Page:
The author of their atrocities.”

That’s how Grievous was viewed, back in 2005.  With The Clone Wars, he became a semi-competent general who got his plans foiled far too often.  I believe Lucas is on record saying that he envisioned Grievous as someone who was cowardly, very willing to retreat depending on the situation (you see that a bit in ROTS).  I’m not saying Grievous needs to be as insanely powerful as he was in Clone Wars, but the loss of power seen in The Clone Wars really is a shame.  This episode is one of his better appearances, though like I said it isn’t a resounding success for the general.  Grievous also says in the episode, to a caretaker droid, that he actively wanted the changes, somewhat contradicting “The Eyes of Revolution.”  Now, in context, it can be read as him lying defensively to the droid, and that’s how I read it.  I believe Filoni did that very deliberately, so as to try to respect the EU’s version.  Again, I believe it was Lucas who was putting forth the idea that Grievous wanted to be like a Jedi, so he took the modifications.  I really don’t like that direction, so I’m glad Filoni left that element of ambiguity.  Anyway, this is a pretty decent episode, and one of the better ones of the uneven first season.  Give it a look.  Also, did webcomics tying in to each episode for the first season.  This episode’s is quite good, and can be seen here.  It’s only 6 pages long, give it a look.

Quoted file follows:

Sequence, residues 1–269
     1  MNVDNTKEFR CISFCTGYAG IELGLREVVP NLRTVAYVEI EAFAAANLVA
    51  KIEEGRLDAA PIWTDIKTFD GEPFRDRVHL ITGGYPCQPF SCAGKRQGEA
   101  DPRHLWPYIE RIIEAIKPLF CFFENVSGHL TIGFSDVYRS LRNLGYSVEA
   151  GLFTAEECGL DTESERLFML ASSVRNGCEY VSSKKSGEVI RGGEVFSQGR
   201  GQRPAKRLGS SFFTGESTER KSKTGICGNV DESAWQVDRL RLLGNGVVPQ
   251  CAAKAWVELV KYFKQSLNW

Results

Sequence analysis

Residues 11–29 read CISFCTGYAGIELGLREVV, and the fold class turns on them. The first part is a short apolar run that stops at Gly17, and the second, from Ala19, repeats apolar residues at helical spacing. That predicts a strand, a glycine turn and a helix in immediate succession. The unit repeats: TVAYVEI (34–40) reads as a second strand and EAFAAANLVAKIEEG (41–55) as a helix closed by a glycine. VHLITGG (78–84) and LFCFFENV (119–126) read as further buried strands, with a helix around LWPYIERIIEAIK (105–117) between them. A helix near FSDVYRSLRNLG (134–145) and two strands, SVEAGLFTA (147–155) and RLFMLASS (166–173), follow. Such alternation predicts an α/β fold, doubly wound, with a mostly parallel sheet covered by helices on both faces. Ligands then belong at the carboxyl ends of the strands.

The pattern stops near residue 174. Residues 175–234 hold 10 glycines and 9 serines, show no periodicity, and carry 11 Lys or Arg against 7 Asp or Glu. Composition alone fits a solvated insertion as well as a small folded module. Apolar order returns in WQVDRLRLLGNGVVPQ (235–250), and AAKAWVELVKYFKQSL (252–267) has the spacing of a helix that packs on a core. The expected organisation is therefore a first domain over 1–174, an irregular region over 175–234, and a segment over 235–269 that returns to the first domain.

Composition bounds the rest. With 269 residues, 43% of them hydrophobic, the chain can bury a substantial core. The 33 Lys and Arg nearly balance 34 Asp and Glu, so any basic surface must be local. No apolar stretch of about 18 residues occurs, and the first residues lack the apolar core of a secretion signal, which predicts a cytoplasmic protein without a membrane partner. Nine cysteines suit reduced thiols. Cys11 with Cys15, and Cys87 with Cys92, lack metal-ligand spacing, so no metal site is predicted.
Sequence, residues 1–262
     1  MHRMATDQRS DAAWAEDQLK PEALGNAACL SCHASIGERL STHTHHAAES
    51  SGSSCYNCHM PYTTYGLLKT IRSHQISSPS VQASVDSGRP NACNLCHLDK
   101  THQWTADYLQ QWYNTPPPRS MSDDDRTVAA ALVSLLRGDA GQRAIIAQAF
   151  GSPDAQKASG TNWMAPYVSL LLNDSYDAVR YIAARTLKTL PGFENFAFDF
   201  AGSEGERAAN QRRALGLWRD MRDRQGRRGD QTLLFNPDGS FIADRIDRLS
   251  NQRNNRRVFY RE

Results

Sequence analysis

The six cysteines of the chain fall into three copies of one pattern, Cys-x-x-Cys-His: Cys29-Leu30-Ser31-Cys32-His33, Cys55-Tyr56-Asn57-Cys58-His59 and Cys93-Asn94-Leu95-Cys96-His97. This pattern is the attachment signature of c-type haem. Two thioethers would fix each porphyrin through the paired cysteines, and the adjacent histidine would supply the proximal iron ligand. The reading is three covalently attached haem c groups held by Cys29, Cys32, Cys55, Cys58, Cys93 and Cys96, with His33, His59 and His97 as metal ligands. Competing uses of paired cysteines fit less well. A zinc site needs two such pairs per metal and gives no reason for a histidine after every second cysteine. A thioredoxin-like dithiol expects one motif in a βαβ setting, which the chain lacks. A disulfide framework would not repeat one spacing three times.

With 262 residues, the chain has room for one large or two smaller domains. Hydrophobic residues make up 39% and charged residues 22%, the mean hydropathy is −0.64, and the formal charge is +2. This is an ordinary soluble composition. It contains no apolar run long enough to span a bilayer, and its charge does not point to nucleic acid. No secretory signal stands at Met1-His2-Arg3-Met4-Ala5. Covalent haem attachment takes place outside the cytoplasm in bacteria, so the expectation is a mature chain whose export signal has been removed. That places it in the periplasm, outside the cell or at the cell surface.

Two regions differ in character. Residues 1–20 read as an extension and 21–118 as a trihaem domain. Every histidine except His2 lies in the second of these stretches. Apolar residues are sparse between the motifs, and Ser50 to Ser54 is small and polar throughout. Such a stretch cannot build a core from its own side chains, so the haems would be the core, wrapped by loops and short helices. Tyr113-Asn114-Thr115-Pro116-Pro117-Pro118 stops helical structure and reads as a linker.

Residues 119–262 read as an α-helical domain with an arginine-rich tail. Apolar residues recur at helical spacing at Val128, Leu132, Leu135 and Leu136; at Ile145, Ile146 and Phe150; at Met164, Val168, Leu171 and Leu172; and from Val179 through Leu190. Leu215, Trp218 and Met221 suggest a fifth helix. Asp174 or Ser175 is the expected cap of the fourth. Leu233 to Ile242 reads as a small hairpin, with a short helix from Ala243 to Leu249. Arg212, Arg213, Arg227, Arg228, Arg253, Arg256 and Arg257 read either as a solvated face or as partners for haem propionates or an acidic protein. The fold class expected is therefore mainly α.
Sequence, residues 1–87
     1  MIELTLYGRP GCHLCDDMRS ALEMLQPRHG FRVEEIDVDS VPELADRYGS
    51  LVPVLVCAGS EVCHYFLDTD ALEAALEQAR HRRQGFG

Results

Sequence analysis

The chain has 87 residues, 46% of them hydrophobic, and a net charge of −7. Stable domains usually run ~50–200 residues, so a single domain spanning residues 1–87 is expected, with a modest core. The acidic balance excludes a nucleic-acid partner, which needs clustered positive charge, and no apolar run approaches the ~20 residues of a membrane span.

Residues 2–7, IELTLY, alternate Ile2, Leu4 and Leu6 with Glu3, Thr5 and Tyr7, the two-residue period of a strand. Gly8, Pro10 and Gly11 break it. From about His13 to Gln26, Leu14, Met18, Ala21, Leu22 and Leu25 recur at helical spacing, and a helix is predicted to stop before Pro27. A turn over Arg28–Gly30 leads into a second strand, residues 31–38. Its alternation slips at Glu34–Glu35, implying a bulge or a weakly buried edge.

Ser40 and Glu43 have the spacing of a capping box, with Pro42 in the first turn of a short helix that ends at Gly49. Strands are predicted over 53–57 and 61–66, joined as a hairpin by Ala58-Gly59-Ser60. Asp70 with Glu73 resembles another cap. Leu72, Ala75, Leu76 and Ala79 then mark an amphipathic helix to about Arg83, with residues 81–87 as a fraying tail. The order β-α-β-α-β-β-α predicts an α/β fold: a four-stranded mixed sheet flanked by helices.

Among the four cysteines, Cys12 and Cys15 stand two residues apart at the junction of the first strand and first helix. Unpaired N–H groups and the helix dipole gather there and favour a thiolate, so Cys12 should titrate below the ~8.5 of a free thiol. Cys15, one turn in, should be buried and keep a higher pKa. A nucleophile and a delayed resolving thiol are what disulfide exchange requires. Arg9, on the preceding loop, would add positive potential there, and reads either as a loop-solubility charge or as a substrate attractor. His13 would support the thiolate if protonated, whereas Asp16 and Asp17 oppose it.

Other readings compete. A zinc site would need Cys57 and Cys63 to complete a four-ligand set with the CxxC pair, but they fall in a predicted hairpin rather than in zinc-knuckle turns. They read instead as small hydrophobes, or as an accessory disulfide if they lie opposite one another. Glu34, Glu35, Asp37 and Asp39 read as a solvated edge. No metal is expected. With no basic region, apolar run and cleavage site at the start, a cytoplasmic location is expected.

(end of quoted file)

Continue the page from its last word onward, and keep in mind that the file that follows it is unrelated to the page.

I included this episode in the Ventress spotlight.  It’s a good episode for Grievous, as he actually manages to accomplish what he set out to do, exterminate the Nightsisters.  It doesn’t happen all that often for him in The Clone Wars, so it’s nice to have him get a win.


– As I often say, all my views here are strictly my opinions.  If someone doesn’t like the over the top approach of Clone Wars, and likes the version from The Clone Wars  better, they’re welcome to their opinion; I’ll just never happen to agree with it.